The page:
We generated free cash flow in the quarter and thereby demonstrated our differentiated financial flexibility. Our adjusted EBITDA is holding up well, and we paid down a small amount of debt in the quarter, which kept our leverage ratio largely unchanged from the first quarter at 4.1 times.

As a result of our lower capex spending, we expect our second half free cash flow generation and debt repayment to accelerate significantly and we continue to pay an attractive dividend complemented by peer-leading dividend coverage.

As discussed last quarter, in light of market conditions, and in order to maximize profitability, cash flow and our financial position, we proactively initiated an aggressive cost and capital reduction effort. Our push to rightsize the organization for activity levels cut across both business segments and our corporate overhead.

Today, I'm pleased to share that we are well on our way to deliver the annualized cash savings of between $75 million and $85 million promised in May. We expect these savings will accelerate in the second half of the year as planned.

We anticipate no new equipment capex for the remainder of the year and have slashed our full-year 2020 capex budget as compared to 2019 by more than $240 million at the midpoint of our revised guidance. We're already seeing substantial declines in maintenance capital with maintenance capex down 40% compared to the first quarter. We expect continued benefits from a lower make-ready capital and our optimized maintenance practices while maintaining our excellent customer service and safety standards.

On our SG&A spend, we implemented several actions to reduce discretionary spending and compensation expense. We continue to manage over time hours tightly and the previously announced salary reductions for certain employees, the executive leadership team, as well as reductions to Board retainer fees went into effect in June.

While the entire management team is focused on retaining our great talent through this downturn, as business softened further during the quarter, we made a difficult decision to take deeper action. This included furloughs and layoffs in several business units and segments.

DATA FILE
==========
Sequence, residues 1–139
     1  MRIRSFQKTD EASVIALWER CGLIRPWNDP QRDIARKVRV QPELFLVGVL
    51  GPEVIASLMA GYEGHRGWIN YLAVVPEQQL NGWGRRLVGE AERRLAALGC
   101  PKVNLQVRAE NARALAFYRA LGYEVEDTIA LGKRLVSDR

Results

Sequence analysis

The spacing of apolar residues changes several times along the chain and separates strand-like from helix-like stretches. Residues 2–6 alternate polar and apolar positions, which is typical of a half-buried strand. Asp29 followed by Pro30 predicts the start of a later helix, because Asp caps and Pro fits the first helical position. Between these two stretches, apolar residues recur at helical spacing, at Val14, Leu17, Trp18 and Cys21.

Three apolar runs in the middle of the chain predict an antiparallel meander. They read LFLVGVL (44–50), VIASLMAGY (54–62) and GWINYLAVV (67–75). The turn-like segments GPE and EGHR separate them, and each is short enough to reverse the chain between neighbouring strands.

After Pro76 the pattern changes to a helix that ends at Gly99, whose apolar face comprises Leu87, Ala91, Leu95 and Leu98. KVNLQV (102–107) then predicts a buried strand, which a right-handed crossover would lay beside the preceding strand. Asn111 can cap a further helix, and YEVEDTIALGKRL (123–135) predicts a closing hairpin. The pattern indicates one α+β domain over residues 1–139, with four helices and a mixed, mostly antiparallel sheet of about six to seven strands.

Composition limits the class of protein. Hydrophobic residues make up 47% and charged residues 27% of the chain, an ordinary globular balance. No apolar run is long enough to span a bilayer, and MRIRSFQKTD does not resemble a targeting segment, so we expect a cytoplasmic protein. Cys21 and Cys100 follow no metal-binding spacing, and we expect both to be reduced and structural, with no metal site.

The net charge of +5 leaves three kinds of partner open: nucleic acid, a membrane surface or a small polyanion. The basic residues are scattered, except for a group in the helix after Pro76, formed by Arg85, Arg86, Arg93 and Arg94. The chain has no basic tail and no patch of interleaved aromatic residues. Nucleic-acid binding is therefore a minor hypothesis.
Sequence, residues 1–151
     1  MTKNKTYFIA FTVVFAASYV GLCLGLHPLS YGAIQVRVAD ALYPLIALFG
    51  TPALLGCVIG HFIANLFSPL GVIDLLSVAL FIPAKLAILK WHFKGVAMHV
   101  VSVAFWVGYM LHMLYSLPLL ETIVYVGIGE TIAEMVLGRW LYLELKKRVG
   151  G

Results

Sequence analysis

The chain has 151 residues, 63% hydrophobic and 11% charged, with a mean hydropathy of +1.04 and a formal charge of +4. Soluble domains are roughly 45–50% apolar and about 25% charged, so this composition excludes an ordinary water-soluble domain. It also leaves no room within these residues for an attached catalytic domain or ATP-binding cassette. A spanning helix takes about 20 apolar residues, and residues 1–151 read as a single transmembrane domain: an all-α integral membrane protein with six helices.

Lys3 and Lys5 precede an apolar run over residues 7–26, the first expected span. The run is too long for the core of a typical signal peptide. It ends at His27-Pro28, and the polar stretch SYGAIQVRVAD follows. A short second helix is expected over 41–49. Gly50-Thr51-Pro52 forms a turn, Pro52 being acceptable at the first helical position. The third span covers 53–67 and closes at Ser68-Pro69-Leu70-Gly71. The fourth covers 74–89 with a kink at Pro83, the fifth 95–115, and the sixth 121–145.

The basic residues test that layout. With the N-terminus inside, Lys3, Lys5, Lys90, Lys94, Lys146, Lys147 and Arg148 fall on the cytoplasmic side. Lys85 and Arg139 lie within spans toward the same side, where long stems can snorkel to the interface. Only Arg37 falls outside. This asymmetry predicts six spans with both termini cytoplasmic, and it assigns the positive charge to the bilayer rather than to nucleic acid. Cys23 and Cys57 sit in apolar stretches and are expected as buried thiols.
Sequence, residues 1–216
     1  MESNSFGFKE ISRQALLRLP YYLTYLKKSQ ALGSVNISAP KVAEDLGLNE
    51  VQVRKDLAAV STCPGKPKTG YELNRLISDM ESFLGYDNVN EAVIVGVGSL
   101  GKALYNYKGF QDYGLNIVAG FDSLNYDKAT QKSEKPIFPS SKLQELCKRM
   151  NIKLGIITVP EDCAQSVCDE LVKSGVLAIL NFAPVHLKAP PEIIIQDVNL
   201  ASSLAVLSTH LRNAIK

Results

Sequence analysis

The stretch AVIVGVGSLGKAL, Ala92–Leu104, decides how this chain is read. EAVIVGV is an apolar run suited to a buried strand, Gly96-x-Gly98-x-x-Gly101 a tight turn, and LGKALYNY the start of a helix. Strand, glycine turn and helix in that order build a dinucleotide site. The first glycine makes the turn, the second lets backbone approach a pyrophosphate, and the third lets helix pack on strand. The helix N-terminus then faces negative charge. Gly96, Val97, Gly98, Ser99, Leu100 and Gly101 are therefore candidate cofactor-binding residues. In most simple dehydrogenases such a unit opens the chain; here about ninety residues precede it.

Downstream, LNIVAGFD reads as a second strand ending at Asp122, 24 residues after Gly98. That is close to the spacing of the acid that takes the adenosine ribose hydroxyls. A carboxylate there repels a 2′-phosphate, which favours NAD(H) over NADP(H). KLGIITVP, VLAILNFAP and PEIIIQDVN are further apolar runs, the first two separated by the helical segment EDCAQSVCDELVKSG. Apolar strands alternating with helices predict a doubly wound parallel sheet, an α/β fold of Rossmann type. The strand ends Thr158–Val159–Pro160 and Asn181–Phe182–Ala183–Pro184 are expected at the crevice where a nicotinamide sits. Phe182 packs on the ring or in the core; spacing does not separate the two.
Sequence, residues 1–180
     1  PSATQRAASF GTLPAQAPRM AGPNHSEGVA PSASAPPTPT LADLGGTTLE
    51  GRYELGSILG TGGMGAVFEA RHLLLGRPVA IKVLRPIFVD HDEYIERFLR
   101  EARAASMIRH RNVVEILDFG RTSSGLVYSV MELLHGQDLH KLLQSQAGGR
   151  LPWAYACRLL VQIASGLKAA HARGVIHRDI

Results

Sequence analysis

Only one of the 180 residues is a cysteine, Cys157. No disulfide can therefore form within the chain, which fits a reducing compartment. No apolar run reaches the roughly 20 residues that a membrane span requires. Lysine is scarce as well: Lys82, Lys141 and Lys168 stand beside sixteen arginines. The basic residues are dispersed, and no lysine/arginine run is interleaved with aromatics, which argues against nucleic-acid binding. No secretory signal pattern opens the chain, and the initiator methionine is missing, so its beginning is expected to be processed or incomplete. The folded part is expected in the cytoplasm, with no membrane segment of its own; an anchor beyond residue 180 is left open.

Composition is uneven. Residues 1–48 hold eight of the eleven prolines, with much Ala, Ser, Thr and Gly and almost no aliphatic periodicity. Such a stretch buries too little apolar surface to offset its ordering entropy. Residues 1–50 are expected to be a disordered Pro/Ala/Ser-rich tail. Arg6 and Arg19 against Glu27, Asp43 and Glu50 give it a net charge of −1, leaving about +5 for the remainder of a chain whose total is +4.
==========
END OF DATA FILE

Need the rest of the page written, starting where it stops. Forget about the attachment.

We remain steadfast in our drive to maximize our free cash flow and maintain our differentiated financial position. We continuously evaluate additional savings initiatives and are committed to a rigorous and ongoing analysis of our costs as the market evolves.

The other cost reduction efforts. We continue to transform our fleet, streamline our business and invest in technology to extend our runway for efficiency gains.

Building on our success in 2019, we continue to manage and prune our compression fleet, accelerating EBITDA recognition from less strategic and uneconomic horsepower and bringing in additional cash to redeploy toward debt reduction.

During the quarter we sold 24,000 horsepower that had an average age of nearly 30 years. And just after quarter-end, we sold a portion of our AMS business, which will result in gain on sale income during the third quarter of about $9 million.

As we do every quarter, we also conducted an extensive review of our fleets and identified compression units that were either not likely to go back to work or did not warrant additional investment to put back in the field. From this review, we retired 184,000 operating horsepower that resulted in a non-cash impairment of $55 million.

This number was larger than in past quarters due primarily to the sharpness of the downturn and customers determining that portion of their production operations were no longer economic. Unsurprisingly, some of our equipment that does service those locations is also no longer economic for redeployment based on its age or configuration.